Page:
Evaluation of the Impact of the DC Choice Program
Contractor: Westat, University of Arkansas
In 2004 Congress established the first federally funded private school voucher program, with annual funding of about $14 million. The program provides scholarships of up to $7,500 for low-income residents of the District of Columbia to send their children to participating local private schools, with students from "schools in need of improvement" under the Elementary and Secondary School Act receiving the highest priority for admission. The law also mandated that the Department conduct an independent, rigorous impact evaluation of what is now called the DC Opportunity Scholarship Program (OSP). The evaluation addresses three key questions:
- What is the impact of the scholarship program on student academic achievement and attainment, overall and for students from the high priority group?
- What effect does the program have on student and parent perceptions of school safety and satisfaction?
- To what extent is the program influencing schools and expanding choice for parents in Washington, DC?
The evaluation primarily compared outcomes of approximately 2,300 students randomly assigned by lottery to either receive a scholarship or not receive a scholarship. Lotteries of student applicants took place in spring 2004 (for student enrollment in fall 2004) and spring 2005 (for enrollment in fall 2005). Data were collected for four follow up years, for students in both the scholarship and non-scholarship groups. The contractor administered academic assessments, and conducting student, parent, and principal surveys each spring.
Cost/Duration: $7,998,164 over 6.5 years (July 2004–January 2011)
A final report (following 2 descriptive reports and 3 interim reports) was published in June 2010 (http://ies.ed.gov/ncee/pubs/20104018/index.asp).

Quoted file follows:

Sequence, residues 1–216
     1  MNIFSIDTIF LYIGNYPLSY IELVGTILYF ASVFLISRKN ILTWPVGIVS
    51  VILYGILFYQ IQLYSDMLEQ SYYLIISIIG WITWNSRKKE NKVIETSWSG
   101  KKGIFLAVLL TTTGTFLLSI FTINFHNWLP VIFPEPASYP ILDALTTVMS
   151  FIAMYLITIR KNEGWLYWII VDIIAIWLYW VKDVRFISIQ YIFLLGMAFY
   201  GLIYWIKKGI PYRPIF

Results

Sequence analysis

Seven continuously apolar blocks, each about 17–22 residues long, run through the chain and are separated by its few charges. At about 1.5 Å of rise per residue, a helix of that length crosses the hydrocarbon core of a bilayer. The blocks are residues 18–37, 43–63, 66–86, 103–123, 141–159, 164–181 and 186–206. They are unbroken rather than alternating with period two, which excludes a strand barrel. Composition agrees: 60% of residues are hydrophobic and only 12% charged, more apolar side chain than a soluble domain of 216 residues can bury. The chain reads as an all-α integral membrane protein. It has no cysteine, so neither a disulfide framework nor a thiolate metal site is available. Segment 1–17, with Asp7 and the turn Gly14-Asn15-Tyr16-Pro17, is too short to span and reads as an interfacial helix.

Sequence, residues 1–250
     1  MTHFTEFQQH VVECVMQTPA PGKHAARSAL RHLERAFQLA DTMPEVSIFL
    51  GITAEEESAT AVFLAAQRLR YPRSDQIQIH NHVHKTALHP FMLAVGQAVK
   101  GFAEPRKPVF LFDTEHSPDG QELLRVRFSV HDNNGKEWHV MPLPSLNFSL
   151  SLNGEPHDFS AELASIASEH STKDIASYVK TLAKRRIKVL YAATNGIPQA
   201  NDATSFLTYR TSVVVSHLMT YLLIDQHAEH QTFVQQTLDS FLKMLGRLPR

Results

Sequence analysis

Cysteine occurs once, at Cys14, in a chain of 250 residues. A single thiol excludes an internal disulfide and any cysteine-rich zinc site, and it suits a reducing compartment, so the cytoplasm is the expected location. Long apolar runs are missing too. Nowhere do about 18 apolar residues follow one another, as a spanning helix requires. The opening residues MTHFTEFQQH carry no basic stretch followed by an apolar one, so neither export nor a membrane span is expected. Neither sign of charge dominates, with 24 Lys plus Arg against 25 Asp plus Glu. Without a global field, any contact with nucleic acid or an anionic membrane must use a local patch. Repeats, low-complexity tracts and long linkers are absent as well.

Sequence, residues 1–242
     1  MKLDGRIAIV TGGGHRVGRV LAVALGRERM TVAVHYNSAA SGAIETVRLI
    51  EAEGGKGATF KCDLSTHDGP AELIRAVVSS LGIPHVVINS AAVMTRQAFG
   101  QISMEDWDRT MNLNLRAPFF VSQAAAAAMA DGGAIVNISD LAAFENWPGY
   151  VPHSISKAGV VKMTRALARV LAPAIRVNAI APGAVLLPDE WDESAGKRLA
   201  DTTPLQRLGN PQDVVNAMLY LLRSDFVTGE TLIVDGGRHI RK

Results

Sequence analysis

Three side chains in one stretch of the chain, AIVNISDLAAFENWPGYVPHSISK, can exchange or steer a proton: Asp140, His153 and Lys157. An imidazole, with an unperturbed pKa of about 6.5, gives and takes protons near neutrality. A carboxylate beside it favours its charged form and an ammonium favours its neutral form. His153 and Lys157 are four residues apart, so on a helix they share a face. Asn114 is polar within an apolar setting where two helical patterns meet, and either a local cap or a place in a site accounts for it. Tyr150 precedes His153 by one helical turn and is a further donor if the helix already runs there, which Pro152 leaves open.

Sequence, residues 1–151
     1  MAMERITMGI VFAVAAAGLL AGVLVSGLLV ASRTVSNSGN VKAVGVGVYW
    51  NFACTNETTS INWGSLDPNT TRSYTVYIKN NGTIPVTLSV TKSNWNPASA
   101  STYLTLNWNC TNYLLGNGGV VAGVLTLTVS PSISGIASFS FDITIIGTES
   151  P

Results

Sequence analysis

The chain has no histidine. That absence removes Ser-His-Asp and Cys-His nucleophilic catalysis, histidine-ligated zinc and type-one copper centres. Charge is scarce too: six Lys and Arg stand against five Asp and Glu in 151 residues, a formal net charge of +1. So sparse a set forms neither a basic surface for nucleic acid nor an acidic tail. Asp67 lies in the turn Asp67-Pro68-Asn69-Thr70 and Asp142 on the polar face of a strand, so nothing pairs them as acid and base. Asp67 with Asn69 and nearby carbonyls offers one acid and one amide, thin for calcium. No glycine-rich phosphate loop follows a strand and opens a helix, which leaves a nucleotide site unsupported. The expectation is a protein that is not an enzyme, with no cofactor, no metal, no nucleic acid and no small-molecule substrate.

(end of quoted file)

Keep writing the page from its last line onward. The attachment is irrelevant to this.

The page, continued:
- There was no conclusive evidence that the OSP affected student achievement overall, or for the high-priority group of students who applied from "schools in need of improvement."
- The Program significantly improved students' chances of graduating from high school, according to parent reports. Overall, 82 percent of students offered scholarships received a high school diploma, compared to 70 percent of those who applied but were not offered scholarships. This graduation rate improvement also held for the subgroup of OSP students who came from "schools in need of improvement."
- Although parents had higher satisfaction and rated schools as safer if their child was offered or used an OSP scholarship, students reported similar ratings for satisfaction and safety regardless of whether they were offered or used a scholarship.
- The cumulative loss of students between 2004 and 2009 from DC public schools (traditional and charter schools) to the Program was about 3 percent. In contrast, an estimated 20 percent of students annually change schools or leave the district. Thus, OSP-related transfers to private schools may not have been distinguishable from the larger share of other student departures, and therefore less likely to have an impact on public school operations.